California Sea Lion Pup Born at Brookfield Zoo
Brookfield, Ill. – In a few weeks, guests visiting Brookfield Zoo’s Pinniped Point will be able to see one of the newest additions—a California sea lion pup. Since his birth on June 10, the male pup (not yet named) and his mom, 9-year-old Josephine, have been bonding behind the scenes. They are expected to have access to their outdoor habitat by mid-July.
In addition to bonding, Josephine is also teaching her pup to swim. Animal care staff installed a temporary false floor making their pool shallow. As the pup becomes more agile and proficient at swimming, the floor will be lowered to increase the pool’s depth.
California sea lion pups weigh between 13 to 20 pounds at birth, and typically are born in the months of June and July. For the first few weeks of life, they stay in tidal pools until they are able to swim and can go to sea with their mothers. They nurse for at least five months and sometimes for more than a year. In the wild, after giving birth, mother sea lions will leave their offspring for a short time while they forage at sea. As the pups grow stronger, the mothers leave them alone for longer periods. Mother sea lions recognize their pups through smell, sight, and vocalizations.
This is Josephine’s second pup. Her first, named Lucy was born in 2017. She still resides at Brookfield Zoo along with another 2-year-old named Taylor, who is the new pup’s half-brother. Josephine, and the sire, 16-year-old Tanner, are both wild-born and very important to the species genetic diversity in the accredited North American zoo population. Josephine, was abandoned by her mom on Pier 39 in San Francisco—a popular tourist attraction—and would not have survived without human intervention. The Chicago Zoological Society (CZS) stepped forward and offered to give her a home at Brookfield Zoo, where she was hand-reared and has resided since 2010.
In 2012, Tanner arrived at Brookfield Zoo from Shedd Aquarium, where he first received a second chance at life after NOAA Fisheries officials removed him from the wild for feeding on a federally protected endangered species of salmon in the Bonneville Dam area on the Columbia River. In order to identify him should he return to the dam to feed again on the endangered salmon, government officials gave him the distinguishing and permanent ID on his back, “C011.” Despite several attempts to relocate him to another area, Tanner continued to return to the dam.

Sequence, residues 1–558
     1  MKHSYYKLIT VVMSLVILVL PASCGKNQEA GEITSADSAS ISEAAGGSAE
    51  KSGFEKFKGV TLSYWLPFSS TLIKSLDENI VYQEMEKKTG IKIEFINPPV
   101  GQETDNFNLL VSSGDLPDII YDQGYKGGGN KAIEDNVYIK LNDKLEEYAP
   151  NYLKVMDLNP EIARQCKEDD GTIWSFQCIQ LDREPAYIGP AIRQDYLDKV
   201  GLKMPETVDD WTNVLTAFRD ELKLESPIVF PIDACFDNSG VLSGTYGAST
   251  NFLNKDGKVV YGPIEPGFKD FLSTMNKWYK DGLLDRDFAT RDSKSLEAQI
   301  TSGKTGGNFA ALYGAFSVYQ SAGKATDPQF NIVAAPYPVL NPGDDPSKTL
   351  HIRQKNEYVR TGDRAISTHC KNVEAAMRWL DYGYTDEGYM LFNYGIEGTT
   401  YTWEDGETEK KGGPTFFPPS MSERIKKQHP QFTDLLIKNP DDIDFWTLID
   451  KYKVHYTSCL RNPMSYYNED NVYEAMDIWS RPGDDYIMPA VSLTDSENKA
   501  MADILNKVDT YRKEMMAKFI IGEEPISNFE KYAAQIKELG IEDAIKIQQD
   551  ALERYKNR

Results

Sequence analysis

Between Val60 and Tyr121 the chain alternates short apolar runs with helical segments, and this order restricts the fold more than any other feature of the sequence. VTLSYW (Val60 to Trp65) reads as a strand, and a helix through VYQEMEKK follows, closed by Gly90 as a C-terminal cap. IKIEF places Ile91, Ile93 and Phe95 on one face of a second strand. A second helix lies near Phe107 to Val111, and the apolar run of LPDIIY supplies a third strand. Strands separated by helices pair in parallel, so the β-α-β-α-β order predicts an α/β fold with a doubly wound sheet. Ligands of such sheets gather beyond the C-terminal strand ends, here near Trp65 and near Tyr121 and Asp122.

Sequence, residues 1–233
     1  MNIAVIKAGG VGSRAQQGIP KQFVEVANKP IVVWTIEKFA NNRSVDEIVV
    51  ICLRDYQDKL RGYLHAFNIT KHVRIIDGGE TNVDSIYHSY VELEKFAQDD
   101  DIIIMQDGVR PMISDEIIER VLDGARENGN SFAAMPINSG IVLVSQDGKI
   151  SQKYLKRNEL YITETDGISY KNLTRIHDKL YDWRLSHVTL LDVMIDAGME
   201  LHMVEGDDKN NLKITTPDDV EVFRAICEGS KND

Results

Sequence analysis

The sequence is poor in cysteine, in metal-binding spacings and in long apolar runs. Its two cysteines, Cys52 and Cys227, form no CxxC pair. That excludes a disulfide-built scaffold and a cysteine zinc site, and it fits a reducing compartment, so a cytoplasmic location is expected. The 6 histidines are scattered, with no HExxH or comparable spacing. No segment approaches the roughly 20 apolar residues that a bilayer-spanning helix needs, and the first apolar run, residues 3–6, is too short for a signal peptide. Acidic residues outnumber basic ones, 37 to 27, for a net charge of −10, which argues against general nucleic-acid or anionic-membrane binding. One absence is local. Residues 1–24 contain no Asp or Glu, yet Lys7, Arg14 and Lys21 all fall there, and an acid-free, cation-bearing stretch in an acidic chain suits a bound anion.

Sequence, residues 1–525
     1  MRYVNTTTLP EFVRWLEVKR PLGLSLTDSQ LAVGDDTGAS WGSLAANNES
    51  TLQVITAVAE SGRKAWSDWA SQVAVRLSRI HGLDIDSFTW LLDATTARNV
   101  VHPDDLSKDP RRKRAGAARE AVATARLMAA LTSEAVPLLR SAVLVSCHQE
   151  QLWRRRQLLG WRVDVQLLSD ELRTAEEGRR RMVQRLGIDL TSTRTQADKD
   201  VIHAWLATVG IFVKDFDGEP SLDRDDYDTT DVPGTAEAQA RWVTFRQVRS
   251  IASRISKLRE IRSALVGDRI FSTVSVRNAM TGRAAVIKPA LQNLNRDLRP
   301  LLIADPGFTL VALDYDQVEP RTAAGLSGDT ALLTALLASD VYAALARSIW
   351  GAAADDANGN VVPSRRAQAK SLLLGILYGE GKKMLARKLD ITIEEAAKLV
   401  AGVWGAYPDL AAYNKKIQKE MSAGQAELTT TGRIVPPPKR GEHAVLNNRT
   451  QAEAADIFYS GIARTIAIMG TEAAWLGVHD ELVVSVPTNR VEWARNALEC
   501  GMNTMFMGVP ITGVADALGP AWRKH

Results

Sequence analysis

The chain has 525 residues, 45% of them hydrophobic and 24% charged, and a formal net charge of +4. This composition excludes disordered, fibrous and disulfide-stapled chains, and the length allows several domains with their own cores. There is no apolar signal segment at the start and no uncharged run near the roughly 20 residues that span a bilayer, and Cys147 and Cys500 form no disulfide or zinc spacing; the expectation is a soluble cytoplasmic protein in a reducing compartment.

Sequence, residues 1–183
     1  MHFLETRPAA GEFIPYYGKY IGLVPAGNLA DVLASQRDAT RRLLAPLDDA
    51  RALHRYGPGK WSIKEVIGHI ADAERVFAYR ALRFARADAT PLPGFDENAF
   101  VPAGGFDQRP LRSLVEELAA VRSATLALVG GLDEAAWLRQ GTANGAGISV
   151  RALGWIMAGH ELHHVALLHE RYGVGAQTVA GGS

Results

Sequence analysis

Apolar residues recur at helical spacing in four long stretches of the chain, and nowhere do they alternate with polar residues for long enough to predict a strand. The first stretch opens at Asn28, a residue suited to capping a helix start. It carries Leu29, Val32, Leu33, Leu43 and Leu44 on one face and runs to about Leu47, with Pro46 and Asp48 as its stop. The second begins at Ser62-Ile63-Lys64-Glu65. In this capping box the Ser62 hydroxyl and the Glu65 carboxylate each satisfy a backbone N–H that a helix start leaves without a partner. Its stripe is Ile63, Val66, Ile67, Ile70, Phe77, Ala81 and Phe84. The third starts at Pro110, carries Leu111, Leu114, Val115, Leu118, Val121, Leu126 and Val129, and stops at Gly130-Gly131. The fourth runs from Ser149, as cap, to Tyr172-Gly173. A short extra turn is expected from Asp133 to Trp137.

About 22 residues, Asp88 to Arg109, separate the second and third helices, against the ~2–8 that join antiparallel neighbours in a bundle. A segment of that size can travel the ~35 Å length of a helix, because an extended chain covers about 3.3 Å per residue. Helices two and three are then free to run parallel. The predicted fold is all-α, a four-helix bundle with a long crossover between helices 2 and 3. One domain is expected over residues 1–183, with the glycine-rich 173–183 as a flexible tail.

The pairing of Josephine and Tanner was based on a recommendation from the Association of Zoos and Aquariums’ California Sea Lion Species Survival Plan (SSP). The program manages the breeding of sea lions in North American accredited zoos to maintain a healthy and self-sustaining population that is both genetically diverse and demographically stable. Mairim Martinez, a senior animal care specialist for CZS, is the coordinator of this plan and manages the studbook for the species. In these roles, she is responsible for documenting the pedigree and demographic history of each individual California sea lion at each institution and assists in making breeding recommendations. The Chicago Zoological Society is also an accredited member of the Alliance of Marine Mammal Parks and Aquariums.
Although not threatened in their natural habitat along the west coast of North America from Vancouver Island in British Columbia, to the southern tip of Baja California in Mexico, California sea lions still face challenges. Threats include entanglement in fishing gear, toxins they ingest from their prey, intentional dumping of toxic and hazardous waste, and changes in global atmosphere pressure that affects the availability of prey. Today, the 1972 Marine Mammal Protection Act protects all marine mammals, including California sea lions.
Those interested in helping care for the California sea lions at Brookfield Zoo can contribute to the Animal Adoption program. For $35, the recipient will receive the Basic Package, which includes a 5-inch x 7-inch color photograph and fact sheet about the species, a personalized adoption certificate, an Animal Adoption car decal, and an invitation to the annual Animal Adoption Evening. For further information, visit CZS.org/AnimalAdoption.
Brookfield Zoo is located at 8400 31st Street in Brookfield. Admission to the zoo is $21.95 for adults and $15.95 for children 3 to 11 and seniors 65 and over. Children 2 and under are admitted free. Parking is $14.
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About the Chicago Zoological Society
The mission of the Chicago Zoological Society is to inspire conservation leadership by engaging people and communities with wildlife and nature. The Chicago Zoological Society is a private nonprofit organization that operates Brookfield Zoo on land owned by the Forest Preserves of Cook County. The Society is known throughout the world for its international role in animal population management and wildlife conservation. Its Center for the Science of Animal Care and Welfare is at the forefront of animal care that strives to discover and implement innovative approaches to zoo animal management. Brookfield Zoo is the first zoo in the world to be awarded the Humane Certified™ certification mark for the care and welfare of its animals, meeting American Humane Association’s rigorous certification standards. Open every day of the year, the zoo is located at 8400 31st Street in Brookfield, Illinois, between the Stevenson (I-55) and Eisenhower (I-290) expressways and also is accessible via the Tri-State Tollway (I-294), Metra commuter line, CTA and PACE bus service. For further information, visit CZS.org.